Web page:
America 2017: an interpretation

Like many other people, I have played the game of comparing America’s current travails to those of Russia, under communism and after communism. However, today I have a new sort of analogy to present: America as developing country. Election 2016 was a choice between “India” and “Brazil”, and “Brazil” won.

The germ of this thought came from my readings of “race realists” and “white nationalists” – the real samizdat of multicultural America. Those people have been especially agitated by the globalized character of post-1960s immigration. Immigration from South America is said to be turning the United States into another Brazil – a country of massive economic inequality, with a mostly white and Jewish elite living in gated communities, and lording it over a multiracial mass of techno-peasants. And America as another India is a vision of where a truly open borders policy would lead: a billion immigrants living in poverty within the territory of the old United States, eclipsing its Christian and European patrimony, and divided into political blocs defined by religious, linguistic, and ethnic affiliation.

So the thesis is simple. A Clinton victory would have been a step towards “India”; but the Trump victory instead gives us “Brazil”.

One should not take these analogies too literally. They are crude symbols meant to characterize an America that could have been, under Clinton, or the new America that is still taking shape under Trump. More than anything, they are meant to characterize culture. America should be envisioned as still having its technology companies, its spy satellites, its global archipelago of military bases. This is about the sensibility existing within that framework of national power.

Hillary Clinton’s America was to be the continuation of Barack Obama’s. Obama’s America was feminist, Muslim-friendly, LGBT-friendly, immigrant-friendly. Its strategic conception was to agitate for democracy around the world, in order to undermine the club of authoritarian states like Russia and China. It had a nomenklatura of journalists, professors, and progressive CEOs, and a ruling class drawn from Wall Street, Silicon Valley, and the military-intelligence complex.

Trump’s America rejects almost all of that. America is not for “everyone”, it’s for existing Americans. Its power exists to defend American interests, not to pursue a quixotic global crusade for democracy, free trade, and human rights. Islam is an alien culture and political Islam is an enemy. The way to approach the other great powers is via negotiation, not secular evangelism. The ordinary American has been ignored and oppressed by coastal cosmopolitans, and that ends now.

Returning to the analogies: India – the real India – does not presently claim leadership of the world, but its national self-image puts it at the center of things. It was the birthplace of Buddhism, which became the religion of the east, and it experienced conquest by Islam, the most vigorous religion of the west. Modern India has a space program, a nuclear deterrent, a functioning polity, a booming economy, and a large population of restless young people. It is entirely conceivable that one day it will be the world’s major power.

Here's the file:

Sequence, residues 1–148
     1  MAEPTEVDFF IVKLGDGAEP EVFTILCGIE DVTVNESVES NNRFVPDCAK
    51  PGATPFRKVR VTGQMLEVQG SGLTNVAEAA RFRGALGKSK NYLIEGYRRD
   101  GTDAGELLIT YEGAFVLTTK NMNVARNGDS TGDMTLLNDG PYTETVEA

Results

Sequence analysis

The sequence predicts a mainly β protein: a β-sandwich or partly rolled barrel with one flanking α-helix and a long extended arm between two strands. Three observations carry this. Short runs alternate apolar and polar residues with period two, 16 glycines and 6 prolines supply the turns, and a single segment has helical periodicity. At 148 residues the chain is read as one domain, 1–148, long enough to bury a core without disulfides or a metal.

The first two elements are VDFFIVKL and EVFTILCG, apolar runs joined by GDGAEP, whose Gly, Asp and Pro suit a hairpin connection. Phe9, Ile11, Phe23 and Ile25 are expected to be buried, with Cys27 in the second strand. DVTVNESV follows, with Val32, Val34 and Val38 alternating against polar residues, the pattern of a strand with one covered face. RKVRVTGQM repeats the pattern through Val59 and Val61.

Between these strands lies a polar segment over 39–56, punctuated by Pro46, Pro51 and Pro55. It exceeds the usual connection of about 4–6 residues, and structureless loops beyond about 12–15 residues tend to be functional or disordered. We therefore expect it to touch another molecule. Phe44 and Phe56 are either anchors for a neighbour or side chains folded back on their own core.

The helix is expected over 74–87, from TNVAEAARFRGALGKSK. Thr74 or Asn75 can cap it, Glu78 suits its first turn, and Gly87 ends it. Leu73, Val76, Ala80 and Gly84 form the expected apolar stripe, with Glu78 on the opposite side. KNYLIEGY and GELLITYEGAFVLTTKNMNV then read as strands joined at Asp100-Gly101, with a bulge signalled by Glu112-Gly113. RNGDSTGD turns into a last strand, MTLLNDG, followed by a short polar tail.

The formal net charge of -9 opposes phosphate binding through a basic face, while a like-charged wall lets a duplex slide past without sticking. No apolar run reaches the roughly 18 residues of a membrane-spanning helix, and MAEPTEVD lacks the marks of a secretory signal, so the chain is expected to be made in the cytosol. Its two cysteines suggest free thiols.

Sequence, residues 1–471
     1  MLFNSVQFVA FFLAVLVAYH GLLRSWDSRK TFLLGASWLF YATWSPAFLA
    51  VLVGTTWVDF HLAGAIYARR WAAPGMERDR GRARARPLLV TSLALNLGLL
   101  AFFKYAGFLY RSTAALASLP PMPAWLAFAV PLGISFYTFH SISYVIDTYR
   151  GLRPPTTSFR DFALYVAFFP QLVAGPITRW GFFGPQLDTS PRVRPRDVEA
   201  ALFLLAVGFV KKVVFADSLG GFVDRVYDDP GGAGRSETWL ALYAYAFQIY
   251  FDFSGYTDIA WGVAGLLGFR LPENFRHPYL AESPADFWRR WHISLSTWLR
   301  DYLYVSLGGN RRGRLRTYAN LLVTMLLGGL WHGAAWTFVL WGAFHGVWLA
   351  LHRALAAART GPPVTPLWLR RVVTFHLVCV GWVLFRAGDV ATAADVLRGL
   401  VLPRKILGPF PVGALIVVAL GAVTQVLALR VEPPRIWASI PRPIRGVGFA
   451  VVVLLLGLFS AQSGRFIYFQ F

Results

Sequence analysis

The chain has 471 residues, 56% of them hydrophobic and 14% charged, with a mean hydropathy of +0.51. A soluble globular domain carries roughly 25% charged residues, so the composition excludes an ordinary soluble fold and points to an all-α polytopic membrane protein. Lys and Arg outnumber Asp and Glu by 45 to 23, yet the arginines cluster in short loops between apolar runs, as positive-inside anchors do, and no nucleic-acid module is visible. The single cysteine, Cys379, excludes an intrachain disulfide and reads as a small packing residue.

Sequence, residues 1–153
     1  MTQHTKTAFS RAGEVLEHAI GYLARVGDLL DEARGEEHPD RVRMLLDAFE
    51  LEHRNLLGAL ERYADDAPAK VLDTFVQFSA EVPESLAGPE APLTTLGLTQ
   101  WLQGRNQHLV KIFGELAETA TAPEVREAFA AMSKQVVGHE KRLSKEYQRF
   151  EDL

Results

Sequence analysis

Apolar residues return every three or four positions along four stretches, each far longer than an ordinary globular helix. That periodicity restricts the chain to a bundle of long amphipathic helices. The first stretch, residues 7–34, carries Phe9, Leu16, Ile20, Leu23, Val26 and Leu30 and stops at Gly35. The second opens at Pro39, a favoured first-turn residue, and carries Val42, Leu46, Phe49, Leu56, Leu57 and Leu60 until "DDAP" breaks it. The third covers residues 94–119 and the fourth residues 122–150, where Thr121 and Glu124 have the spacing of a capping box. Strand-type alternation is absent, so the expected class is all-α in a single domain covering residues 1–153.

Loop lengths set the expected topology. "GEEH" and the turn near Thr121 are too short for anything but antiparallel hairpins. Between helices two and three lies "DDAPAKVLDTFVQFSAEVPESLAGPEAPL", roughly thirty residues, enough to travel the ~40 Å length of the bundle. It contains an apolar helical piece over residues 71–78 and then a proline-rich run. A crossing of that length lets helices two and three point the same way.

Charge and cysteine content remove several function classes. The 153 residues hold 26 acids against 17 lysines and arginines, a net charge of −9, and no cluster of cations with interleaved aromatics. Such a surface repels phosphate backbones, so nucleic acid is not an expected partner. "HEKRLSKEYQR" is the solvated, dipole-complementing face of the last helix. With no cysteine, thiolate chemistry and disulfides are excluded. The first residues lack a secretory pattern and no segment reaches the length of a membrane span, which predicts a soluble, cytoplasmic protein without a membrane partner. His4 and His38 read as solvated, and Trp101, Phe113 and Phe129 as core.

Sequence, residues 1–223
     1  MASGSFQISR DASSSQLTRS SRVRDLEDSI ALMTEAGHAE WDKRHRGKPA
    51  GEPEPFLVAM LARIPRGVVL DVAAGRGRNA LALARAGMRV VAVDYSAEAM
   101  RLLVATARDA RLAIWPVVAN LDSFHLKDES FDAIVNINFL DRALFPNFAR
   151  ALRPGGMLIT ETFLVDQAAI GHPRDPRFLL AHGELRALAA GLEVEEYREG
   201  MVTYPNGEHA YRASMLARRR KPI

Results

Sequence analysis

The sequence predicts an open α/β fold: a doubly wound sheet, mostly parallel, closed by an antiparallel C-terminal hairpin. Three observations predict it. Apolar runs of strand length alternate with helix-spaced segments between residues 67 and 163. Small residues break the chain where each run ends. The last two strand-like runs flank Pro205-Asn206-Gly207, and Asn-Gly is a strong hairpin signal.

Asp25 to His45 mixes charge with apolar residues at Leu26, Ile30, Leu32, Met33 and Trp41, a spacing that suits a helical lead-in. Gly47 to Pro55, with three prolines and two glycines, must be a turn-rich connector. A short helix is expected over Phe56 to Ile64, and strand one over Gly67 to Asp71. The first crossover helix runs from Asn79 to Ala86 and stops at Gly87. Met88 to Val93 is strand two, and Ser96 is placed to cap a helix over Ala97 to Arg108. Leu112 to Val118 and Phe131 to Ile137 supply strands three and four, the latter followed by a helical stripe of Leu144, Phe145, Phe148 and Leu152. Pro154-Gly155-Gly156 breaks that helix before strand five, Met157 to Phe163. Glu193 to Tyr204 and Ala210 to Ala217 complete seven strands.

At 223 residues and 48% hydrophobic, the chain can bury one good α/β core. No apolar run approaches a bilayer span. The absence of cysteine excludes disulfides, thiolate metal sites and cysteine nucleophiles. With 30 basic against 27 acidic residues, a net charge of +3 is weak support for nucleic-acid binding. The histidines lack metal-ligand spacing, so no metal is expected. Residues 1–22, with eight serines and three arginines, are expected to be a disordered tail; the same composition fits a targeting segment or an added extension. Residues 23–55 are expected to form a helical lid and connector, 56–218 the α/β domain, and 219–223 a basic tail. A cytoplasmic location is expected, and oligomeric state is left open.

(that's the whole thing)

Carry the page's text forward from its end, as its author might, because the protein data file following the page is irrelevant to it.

Meanwhile, America already has been the world’s major power, twice. First in 1945, when it found itself occupying Japan and Germany, sole possessor of the atomic bomb, and heir to the British empire’s control of the seas; and then in 1991, when its great ideological rival gave up under the dual pressures of western economic and cultural vitality, and western military strength as displayed in Iraq.

That second American apogee produced an economic new world order run by the G-7 states, but it has been eroding for a generation now. Trump was the first serious candidate to run against it. He won, and now we see him wrestling with the legacy power structures even as he attempts to govern; but what if he had lost?

It would have been a world of Russia and China against India and America; with America still claiming to be a model for all the nations of the world, Russia claiming to defend the right of each country to decide its own path, China continuing to build its expanding sphere of influence, and India happy to partner with America for the sake of its own ongoing rise. And the Muslim world would have remained the chief strategic battleground.

America would have presented itself, not as a powerful nation defending its own existence and economic interests, but as the unique guarantor of a virtuous world order. With Hillary as president, we surely would have seen America posture as protector and liberator of the world’s women, in particular; providing a rationale for continued state-sponsored meddling in every other society on Earth, attempting to universalize the progressive social experimentation taking place within its own borders.

This would have been accompanied internally by a further move away from the traditional America of white Christian patriarchy. What would have replaced it? I think a sort of racial caste society, with a pseudoscientific metaphysic and a new-left ideology. Thus, not Hinduism, and not the Indian castes, but an American equivalent; with Hillary as America’s Indira Gandhi.

But instead – we have Brazilian America. A populist celebrity leader, speaking directly to the people from his Twitter balcony, telling them of their own greatness and how it was stolen from them by a traitorous elite. Nothing about America as the nucleus of a new world order, just plain old national pride. Again, think of the differences between real India and real Brazil. India is the homeland of Hinduism; but the only world religion with its center in Brazil is soccer.

(to be continued…?)

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